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Reinsurance: settlement: policy wordings: risk: insurance claims: insurance and reinsurance back to back: follow the settlements clauses: contractors risk: installation and maintenance: reassured: reinsurers: losses: coverage: submarine power cables: good faith: proper and business like steps

A reinsurer was always entitled to raise issues as to the scope of the reinsurance contract even where the insurance was back to back and there was a “follow the settlements” clause.

An insurer (G) appealed from a decision about the meaning and effect of a follow the settlements clause in a reinsurance contract. The insurance covered contractors risks for the installation and maintenance of power cables under a river. A claim was made on the policy and after protracted negotiations G settled the claim for $4 million. G reinsured 80 per cent of its liability with the defendant company (c) and a number of Lloyd’s syndicates. The reinsurance was “as original… to following without question the settlements of the reassured except ex gratia and/or without prejudice settlements”. C refused to pay its share of the settlement relying on the two provisos to liability on a follow the settlements clause set out in The Insurance Company of Africa v Scor (UK) Reinsurance Co (1985) Lloyd’s Rep 312 on the grounds that the claim did not fall within the reinsurance and that G had not taken all proper and business like steps in making the settlement. G sought summary judgment arguing that C could not rely on the two Scor provisos, in particular in the light of the “without question” wording. The judge held that the words “without question” did not preclude C relying on either of the Scor provisos. G’s case on appeal was that the first proviso precluded C from raising coverage issues where the insurance and reinsurance were on back to back terms.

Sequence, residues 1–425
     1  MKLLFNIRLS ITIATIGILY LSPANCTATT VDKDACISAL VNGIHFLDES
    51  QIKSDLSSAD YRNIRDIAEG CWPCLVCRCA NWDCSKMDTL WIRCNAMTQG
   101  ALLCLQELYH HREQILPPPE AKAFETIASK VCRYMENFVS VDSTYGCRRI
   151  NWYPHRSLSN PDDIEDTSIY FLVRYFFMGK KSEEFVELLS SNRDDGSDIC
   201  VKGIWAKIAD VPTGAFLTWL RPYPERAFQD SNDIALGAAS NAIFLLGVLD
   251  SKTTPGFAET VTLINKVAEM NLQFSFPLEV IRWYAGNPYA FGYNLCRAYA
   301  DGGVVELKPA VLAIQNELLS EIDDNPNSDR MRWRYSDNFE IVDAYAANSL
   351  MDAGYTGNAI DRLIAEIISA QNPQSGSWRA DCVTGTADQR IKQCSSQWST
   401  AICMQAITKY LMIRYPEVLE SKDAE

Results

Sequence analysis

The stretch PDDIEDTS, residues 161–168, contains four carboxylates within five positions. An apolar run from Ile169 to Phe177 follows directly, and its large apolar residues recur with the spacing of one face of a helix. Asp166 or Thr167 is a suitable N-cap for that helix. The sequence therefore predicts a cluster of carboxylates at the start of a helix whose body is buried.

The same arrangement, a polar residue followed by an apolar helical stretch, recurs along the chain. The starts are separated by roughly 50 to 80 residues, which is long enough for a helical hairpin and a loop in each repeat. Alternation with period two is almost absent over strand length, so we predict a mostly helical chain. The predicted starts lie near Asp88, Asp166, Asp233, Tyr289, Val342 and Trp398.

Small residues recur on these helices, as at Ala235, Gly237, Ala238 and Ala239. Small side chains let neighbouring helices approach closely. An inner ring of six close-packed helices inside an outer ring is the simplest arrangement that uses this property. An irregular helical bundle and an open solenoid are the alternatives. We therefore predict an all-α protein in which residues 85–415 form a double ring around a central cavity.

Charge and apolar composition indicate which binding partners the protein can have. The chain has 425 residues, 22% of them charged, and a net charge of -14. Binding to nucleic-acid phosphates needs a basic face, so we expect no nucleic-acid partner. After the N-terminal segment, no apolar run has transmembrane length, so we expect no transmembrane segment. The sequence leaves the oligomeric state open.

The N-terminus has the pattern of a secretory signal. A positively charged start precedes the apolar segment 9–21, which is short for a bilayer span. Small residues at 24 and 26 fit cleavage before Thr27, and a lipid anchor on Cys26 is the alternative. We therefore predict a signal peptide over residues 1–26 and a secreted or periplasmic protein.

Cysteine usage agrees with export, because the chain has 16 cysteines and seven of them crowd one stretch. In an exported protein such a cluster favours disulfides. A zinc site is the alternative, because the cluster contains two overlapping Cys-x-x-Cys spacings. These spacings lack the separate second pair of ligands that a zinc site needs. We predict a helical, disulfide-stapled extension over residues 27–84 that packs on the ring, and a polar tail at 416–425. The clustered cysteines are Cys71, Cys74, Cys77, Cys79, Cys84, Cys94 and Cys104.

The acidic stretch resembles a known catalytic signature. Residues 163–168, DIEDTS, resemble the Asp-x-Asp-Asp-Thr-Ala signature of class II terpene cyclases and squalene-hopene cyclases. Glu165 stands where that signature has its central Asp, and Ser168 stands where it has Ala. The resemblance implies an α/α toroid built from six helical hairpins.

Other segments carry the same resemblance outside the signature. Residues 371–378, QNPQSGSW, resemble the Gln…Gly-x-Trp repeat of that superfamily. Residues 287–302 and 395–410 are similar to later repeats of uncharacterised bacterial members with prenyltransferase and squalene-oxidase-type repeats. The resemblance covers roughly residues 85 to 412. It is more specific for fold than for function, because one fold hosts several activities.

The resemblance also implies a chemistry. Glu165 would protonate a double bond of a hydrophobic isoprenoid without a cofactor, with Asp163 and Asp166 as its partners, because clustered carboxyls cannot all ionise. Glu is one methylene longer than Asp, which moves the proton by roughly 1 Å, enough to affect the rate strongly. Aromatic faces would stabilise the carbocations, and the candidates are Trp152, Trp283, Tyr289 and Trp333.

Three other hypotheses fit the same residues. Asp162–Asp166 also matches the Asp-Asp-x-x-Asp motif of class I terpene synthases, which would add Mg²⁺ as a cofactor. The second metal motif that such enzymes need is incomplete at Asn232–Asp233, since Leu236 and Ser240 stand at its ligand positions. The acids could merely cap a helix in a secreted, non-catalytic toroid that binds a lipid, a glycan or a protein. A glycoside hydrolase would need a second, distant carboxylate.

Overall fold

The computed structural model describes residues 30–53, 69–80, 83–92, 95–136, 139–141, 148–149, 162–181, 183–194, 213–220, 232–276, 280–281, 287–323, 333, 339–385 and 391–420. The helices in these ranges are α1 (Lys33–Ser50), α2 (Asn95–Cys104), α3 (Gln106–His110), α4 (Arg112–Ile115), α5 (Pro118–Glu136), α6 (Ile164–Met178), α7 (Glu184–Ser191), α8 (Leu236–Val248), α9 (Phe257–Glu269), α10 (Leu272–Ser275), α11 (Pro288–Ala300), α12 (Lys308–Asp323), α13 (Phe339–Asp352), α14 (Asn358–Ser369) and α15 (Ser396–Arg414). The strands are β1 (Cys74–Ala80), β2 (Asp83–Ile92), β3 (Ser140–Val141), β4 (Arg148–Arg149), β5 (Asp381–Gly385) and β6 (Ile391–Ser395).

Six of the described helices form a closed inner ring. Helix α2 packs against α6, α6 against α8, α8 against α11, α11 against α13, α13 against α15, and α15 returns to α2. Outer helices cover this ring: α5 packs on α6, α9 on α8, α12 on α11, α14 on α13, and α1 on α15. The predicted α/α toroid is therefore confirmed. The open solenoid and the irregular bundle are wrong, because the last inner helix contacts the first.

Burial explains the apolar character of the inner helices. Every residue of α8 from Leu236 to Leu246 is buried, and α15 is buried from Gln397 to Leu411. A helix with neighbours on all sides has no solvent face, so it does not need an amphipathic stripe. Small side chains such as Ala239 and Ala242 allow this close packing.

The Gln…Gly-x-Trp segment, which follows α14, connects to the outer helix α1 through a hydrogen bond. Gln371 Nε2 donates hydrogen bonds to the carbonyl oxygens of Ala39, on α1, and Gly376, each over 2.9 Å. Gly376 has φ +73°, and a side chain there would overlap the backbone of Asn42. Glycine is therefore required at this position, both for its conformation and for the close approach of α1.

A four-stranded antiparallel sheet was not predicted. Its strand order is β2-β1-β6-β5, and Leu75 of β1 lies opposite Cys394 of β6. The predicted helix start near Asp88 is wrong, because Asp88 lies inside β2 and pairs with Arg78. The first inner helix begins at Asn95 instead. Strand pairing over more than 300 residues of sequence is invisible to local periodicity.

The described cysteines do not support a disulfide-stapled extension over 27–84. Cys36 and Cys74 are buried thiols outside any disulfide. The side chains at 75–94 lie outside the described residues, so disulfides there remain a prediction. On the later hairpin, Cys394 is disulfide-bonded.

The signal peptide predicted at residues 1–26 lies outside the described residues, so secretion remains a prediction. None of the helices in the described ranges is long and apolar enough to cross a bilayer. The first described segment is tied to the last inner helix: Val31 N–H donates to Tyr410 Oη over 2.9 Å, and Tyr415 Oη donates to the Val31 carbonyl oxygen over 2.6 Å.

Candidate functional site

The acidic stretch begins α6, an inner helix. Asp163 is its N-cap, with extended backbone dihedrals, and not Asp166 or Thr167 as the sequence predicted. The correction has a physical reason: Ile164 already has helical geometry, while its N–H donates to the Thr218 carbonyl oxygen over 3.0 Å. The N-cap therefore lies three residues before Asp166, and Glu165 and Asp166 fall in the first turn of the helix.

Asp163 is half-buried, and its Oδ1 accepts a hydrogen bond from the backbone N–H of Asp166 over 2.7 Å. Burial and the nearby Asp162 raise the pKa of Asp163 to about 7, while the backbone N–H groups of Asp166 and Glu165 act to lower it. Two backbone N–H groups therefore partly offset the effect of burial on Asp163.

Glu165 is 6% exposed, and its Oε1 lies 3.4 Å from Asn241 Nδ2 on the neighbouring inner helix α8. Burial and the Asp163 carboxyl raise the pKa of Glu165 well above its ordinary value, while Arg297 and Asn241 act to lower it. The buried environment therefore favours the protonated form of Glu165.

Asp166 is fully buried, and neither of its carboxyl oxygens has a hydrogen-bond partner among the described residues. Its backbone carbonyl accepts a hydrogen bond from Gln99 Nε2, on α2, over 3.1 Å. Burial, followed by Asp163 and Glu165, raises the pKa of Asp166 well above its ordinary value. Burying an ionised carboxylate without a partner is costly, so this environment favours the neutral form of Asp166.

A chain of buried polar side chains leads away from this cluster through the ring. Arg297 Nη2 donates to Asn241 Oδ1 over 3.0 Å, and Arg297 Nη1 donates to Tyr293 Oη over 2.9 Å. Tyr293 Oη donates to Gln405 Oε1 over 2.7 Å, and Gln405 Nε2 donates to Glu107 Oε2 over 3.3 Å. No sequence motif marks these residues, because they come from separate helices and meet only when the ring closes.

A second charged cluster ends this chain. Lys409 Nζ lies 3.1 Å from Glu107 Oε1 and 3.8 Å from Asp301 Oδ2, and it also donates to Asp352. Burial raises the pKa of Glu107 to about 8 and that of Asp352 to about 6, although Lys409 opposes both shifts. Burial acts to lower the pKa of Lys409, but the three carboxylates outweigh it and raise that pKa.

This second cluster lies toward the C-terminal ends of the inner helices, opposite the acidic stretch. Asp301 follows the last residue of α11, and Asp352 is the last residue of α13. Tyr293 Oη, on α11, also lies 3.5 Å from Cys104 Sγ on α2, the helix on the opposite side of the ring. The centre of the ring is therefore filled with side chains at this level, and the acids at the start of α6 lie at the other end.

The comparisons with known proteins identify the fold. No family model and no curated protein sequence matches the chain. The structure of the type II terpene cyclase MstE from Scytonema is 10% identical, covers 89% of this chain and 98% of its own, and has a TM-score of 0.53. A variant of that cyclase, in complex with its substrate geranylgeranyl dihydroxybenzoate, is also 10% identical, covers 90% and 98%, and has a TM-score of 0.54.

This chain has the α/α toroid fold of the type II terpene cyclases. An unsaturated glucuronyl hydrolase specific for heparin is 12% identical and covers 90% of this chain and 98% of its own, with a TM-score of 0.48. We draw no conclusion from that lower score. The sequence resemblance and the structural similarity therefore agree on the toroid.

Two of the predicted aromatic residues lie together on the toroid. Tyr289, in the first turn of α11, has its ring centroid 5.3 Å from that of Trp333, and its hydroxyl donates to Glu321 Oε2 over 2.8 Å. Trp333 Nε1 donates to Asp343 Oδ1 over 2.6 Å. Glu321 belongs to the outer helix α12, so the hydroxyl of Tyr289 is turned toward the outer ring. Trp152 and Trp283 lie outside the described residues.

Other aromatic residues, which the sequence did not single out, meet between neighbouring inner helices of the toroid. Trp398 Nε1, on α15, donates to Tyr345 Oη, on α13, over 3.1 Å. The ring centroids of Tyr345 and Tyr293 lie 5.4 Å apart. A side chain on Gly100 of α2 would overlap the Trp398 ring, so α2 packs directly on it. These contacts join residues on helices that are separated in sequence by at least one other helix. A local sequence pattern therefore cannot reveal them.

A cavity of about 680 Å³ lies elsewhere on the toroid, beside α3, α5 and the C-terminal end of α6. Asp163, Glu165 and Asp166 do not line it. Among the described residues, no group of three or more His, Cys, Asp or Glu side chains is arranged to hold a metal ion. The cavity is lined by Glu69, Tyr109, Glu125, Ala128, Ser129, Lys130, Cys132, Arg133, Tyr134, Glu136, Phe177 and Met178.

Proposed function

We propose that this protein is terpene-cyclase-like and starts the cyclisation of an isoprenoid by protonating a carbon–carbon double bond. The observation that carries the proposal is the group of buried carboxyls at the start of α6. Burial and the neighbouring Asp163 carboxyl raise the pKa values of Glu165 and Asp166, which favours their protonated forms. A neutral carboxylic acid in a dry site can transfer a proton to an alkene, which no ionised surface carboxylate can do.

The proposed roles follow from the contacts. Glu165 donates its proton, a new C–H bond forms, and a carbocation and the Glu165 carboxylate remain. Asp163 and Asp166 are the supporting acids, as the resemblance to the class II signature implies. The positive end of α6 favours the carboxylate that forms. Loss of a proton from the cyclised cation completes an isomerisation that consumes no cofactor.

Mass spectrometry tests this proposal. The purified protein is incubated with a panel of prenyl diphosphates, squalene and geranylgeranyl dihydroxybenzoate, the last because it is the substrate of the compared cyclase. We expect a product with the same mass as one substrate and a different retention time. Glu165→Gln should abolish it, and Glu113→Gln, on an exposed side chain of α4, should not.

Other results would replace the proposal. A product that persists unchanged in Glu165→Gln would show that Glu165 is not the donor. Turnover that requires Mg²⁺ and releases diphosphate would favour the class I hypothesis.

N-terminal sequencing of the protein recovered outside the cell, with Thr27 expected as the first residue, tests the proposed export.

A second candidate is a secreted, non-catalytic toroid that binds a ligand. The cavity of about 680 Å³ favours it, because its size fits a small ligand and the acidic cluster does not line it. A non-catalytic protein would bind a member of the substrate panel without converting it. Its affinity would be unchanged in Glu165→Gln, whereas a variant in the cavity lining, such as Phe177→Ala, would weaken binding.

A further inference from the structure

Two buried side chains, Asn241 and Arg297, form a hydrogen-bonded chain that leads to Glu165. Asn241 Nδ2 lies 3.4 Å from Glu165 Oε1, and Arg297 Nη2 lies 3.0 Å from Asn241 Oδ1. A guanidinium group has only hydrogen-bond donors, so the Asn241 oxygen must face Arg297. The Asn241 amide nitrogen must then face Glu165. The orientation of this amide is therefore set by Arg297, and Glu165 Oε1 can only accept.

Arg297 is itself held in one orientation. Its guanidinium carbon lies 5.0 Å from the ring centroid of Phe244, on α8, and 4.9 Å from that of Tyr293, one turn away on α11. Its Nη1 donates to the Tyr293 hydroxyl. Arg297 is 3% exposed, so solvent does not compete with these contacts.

HELD: Reinsurers were bound by reasonable compromises on liability and quantum between the insurers and their assured under the terms of the original policy. It was well established that the insurer did not have to prove that if the original claim was fully argued it would in fact have succeeded. But, as the judge rightly held, the reinsurer was always entitled to raise issues as to the scope of the reinsurance contract even where the insurance was back to back and there was a follow the settlements clause (Scor considered; Hiscox v Outhwaite (No 3) (1991) 2 Lloyd’s Rep 524 applied). The judge was right to go on hold, by reference to the words “the claim so recognised”, that the insurers did not have to show that the claim they had settled in fact fell with the risks covered by the reinsurance but that the claim which they recognised did not arguably did. The judge was also right that the words “without question” did not have the effect of preventing the application of the second Scor proviso relating to the making of business like settlements.

ASSICURAZIONI GENERALI SPA v CGU INTERNATIONAL INSURANCE PLC AND ORS (2004)

CA (Civ Div) (Peter Gibson LJ, Tuckey LJ, Sir Martin Nourse) 6/4/2004.

“Lawtel”: 6th April 2004